Various attempts have been made to provide optical imaging systems which can produce sufficiently sharp and bright images of objects whose distances from the optical imaging system are variable, or in situations where the distance from the optical imaging system to the detector may not be precisely controlled.

The depth of field (DOF) of an optical imaging system is the range of distances from the optical imaging system at which an object can be placed such that the image of the object will be acceptably well-focused.

It is well known to those skilled in the art that the depth of field of a lens system is increased by reducing the aperture of the lens. However, reduction of the aperture of the lens reduces the brightness of the image. Diffraction effects associated with small apertures also cause blurring of the image.

Automatic focus systems are also well known to the art. However, automatic focus systems take time to focus, add weight and complexity to the optical system, require a source of power, often make unwanted acoustic noise, and sometimes do not focus on the object of interest but instead on some other object. Automatic focus systems also are not adequate in situations where it is desired to obtain an image of more than one object simultaneously, where the objects are not at the same distance from the optical imaging system.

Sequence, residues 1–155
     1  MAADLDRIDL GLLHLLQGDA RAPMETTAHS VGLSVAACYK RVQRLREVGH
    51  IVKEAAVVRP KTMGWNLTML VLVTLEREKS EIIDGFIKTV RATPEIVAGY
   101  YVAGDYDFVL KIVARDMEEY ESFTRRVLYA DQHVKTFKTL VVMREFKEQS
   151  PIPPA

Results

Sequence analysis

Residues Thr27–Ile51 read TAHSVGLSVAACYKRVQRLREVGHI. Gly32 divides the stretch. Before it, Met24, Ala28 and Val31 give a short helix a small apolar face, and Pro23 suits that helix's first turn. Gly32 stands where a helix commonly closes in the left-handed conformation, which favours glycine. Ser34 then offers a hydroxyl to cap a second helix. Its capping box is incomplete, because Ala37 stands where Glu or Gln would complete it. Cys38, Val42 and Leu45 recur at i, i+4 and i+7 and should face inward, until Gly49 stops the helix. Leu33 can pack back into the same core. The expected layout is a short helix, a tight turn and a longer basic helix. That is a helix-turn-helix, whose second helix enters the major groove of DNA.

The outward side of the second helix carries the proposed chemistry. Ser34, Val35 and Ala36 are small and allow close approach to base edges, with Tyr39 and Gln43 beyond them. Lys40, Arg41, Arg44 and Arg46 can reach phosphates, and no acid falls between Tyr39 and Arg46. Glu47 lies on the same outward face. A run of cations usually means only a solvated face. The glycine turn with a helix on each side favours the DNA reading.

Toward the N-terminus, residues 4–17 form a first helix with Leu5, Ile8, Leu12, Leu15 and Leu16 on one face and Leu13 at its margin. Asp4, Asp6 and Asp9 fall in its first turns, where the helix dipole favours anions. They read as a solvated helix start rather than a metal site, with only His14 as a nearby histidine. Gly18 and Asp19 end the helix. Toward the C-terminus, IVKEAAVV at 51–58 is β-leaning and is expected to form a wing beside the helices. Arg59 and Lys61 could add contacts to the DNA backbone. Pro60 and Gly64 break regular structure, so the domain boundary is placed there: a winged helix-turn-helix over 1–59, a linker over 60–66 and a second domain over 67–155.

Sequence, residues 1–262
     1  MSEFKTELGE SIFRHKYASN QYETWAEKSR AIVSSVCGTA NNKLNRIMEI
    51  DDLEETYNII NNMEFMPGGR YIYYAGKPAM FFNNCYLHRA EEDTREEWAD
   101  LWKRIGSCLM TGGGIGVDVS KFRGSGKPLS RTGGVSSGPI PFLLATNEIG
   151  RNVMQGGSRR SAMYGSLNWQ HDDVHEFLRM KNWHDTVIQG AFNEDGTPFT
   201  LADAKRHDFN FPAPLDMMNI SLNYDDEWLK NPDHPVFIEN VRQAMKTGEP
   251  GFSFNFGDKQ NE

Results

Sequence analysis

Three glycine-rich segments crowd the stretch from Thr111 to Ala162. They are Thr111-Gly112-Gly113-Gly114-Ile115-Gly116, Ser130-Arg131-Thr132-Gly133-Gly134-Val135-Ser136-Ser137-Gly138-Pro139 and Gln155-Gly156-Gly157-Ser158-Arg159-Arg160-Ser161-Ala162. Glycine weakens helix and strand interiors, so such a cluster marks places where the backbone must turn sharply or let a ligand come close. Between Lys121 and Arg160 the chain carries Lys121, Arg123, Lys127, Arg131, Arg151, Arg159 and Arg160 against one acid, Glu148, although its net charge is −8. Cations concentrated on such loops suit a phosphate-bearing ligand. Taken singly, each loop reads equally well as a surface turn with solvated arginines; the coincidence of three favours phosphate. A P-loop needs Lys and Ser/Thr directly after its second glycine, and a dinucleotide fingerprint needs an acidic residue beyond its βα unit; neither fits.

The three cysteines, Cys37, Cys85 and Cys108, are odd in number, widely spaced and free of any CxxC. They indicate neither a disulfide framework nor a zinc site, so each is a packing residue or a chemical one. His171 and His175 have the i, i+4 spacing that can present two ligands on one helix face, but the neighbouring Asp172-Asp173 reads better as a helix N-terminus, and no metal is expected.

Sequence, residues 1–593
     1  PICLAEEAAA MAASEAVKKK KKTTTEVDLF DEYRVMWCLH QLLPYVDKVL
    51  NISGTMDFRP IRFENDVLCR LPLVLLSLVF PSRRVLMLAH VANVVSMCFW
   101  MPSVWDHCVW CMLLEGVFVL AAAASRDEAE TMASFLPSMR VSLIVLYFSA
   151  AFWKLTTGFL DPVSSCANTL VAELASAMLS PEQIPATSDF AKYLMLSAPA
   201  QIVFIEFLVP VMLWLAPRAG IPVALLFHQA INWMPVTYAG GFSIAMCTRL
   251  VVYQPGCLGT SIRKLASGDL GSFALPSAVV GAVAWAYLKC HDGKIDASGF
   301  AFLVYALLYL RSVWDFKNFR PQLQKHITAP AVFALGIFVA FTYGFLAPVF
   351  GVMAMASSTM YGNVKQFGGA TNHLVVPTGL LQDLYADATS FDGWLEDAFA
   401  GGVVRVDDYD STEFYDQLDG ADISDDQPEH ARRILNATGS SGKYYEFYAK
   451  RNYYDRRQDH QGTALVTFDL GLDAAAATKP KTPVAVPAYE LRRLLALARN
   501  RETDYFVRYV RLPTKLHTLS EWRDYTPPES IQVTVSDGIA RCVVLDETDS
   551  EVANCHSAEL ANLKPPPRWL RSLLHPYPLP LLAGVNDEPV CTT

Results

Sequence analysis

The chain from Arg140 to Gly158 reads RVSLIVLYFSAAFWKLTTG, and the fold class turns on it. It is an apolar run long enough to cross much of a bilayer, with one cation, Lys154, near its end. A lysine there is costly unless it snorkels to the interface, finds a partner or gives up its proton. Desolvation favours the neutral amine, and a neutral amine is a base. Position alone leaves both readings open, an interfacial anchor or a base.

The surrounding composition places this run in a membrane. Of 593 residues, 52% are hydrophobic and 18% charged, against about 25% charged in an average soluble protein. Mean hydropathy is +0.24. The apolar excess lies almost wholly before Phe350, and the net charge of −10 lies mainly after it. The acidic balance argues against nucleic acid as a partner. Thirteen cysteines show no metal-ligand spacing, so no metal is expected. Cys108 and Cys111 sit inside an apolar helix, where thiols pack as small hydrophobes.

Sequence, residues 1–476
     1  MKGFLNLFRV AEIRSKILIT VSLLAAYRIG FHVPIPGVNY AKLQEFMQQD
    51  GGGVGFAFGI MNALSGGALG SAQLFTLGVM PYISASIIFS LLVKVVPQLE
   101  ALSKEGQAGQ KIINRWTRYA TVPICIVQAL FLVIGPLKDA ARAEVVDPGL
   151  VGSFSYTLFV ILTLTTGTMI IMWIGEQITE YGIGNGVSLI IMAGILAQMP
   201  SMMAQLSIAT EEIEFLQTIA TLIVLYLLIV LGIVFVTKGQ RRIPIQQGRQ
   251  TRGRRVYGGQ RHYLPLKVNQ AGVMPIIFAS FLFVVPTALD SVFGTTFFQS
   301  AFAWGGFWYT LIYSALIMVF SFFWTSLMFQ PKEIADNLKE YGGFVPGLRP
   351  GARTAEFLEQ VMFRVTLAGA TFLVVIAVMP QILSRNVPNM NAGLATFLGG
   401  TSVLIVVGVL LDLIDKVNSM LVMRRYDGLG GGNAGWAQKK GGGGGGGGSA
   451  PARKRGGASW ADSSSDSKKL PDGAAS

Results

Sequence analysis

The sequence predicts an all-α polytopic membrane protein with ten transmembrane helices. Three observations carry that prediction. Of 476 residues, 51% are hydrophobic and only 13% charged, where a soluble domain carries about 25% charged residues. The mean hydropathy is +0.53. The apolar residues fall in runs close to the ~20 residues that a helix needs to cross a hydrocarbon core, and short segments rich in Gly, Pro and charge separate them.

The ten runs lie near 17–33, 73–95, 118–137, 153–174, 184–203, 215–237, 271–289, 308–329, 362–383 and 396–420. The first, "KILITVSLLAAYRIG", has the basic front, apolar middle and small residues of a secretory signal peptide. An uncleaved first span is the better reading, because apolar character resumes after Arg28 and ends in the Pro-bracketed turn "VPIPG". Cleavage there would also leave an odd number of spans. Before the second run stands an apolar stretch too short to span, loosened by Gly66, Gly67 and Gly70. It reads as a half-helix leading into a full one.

It is well known that imaging systems are sensitive to misfocus, i.e., variations in image or object plane location. See, for example, J. W. Goodman, Introduction to Fourier Optics, McGraw-Hill, New York, 1996, pp.126–151, which is incorporated by reference for all purposes as if fully set forth herein. Many attempts have been made to reduce this sensitivity, in order to obtain an increased depth of field. Some approaches were based on using apodized apertures, meaning absorptive masks in the pupil aperture, as well as stopping the aperture down. In all-optical approaches, an increase in tolerance in the position of the image or object location is coupled with a decrease in optical power throughput, as well as image resolution reduction. Recently, hybrid, opto-digital approaches that overcome these deficiencies by using a non-absorptive phase mask and digital post-processing restoration operations have been demonstrated in the literature. Unlike the all-optical approach of the present invention, the hybrid approaches require an electronic processing stage to follow the optical acquisition.